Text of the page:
Cindy Kane shows at A Gallery on Martha's Vineyard
Photo courtesy of Cindy Kane
Vineyard Haven artist Cindy Kane opens her first solo show on the Island since 2008 at the A Gallery on Sunday, August 19. There will be a reception that day from 5 to 8 pm. She talked with enthusiasm last week about the warehouse-sized gallery and the new work that will be on display in its gray room on State Road in Vineyard Haven.
"They come into this with a lot of experience in dealing with spaces and a strong sense of aesthetics," Ms. Kane says of gallery proprietors Tanya Augoustinos and Maria Westby. "A space like this — it's like a gift to the artists."
New this season, the A Gallery's exhibition space will accommodate Ms. Kane's large new work easily. Ms. Kane has been putting together panels, which are conveniently sized to fit into FedEx boxes for shipping. She took an older map piece — she has used maps as backgrounds in many of her paintings — to provide a foundation for a new three-section work called "Constance." The maps are not about specific places but rather reflect attitudes, boundaries, and tumultuous relationships, according to the artist. She calls maps part of our inheritance.
"It makes a wonderful skin," she says. "I enjoy seeing all the layers underneath." Ms. Kane has introduced what she calls a fire bar: a strong, red geometric element that floats across one side of the painting. "I'm enjoying the way these fire blocks are interacting with space," she says. "I wanted to make something more muscular. It felt like a risk."
This particular painting is about the elements and the way they intersect and collide, according to Ms. Kane. The artist has made templates for some parts of the painting, which allow her to move elements around without having to repaint the entire work each time she tries a new version.
"Sometimes when I'm building up a first painting, I know it's not going to last," she says. "It's a lot of work [to change it], but it's worth it." She photographs the different versions and keeps them on her computer so she can track the changes.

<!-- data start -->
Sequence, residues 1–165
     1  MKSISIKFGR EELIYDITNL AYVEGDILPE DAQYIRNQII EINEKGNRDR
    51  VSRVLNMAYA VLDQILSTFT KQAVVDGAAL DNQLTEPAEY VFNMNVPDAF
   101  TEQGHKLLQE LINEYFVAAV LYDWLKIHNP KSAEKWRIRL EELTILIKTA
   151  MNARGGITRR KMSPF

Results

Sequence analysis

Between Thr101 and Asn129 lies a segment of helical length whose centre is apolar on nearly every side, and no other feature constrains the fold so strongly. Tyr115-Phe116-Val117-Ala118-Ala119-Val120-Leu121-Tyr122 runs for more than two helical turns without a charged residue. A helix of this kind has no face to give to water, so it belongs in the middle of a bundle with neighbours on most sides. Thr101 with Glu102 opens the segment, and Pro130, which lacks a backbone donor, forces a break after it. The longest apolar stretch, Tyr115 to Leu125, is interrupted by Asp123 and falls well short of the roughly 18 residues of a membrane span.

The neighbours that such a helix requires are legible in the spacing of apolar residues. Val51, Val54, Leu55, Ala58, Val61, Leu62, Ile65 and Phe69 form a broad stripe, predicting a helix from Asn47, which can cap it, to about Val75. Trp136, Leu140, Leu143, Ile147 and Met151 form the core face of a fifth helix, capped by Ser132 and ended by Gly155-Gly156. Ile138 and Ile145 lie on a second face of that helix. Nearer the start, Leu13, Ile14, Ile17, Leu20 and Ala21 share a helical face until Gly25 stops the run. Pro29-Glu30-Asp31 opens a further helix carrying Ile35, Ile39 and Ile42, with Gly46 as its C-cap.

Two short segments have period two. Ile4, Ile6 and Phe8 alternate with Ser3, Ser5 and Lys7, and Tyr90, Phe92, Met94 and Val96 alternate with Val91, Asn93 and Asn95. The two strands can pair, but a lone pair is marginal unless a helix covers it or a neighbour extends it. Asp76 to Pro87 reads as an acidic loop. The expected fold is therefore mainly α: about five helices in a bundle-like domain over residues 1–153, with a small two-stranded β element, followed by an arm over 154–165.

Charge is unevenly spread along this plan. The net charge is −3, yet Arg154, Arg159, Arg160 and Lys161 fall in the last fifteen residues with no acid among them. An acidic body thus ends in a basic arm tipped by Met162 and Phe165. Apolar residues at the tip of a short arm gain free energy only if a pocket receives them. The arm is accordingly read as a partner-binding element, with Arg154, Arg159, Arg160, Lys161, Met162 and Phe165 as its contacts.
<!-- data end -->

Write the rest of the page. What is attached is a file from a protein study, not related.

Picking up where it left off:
"Photographing it helps a lot," Ms. Kane says. "That way if I want to go back to something I did earlier, I can."
Another new work is called "In the Red." Fashioned after Indian and Persian miniatures, the borders are embellished with a different narrative than the one in the center of the painting. A visit to the new Islamic wing at New York's Metropolitan Museum of Art sparked her interest in the miniatures, and she has researched the subject by reading illustrated books about them.
"Inheritance," the title painting for the show, uses a border of Band-Aids in their bright red and blue wrappers, festooned periodically with butterflies in black discs. Ms. Kane ordered a case of the bandage strips for the project. Only a vague outline of Band-Aid shapes emerges in the central portion of the painting, bisected horizontally by a brilliantly colored fire bar. Each element of "Inheritance" haunts the viewer with questions and associations. What does the brand name Band-Aid suggest? How does the fire bar signify? Why has the artist used painted-over adhesive strips in the central part of the work? How does the painting contain its various meanings?
Ms. Kane calls another mixed-media work, "Self-Contained," which she just finished, very quirky and full of surprises. She glued old phone bills on its surface, then painted a feather ball — a recurrent image in her iconography — over them. Only a slight outline of the original feather ball comes through on the finished surface.
"It's out of my comfort zone," she says of "Self-Contained." "That's a painting that teaches you something." It is one of many works in Ms. Kane's new show that will enlighten viewers.
Artist's Reception with Cindy Kane, Sunday, Aug. 19, 5–8 pm, A Gallery, Vineyard Haven. For more information, call 774-327-9422 or visit agallerymv.com.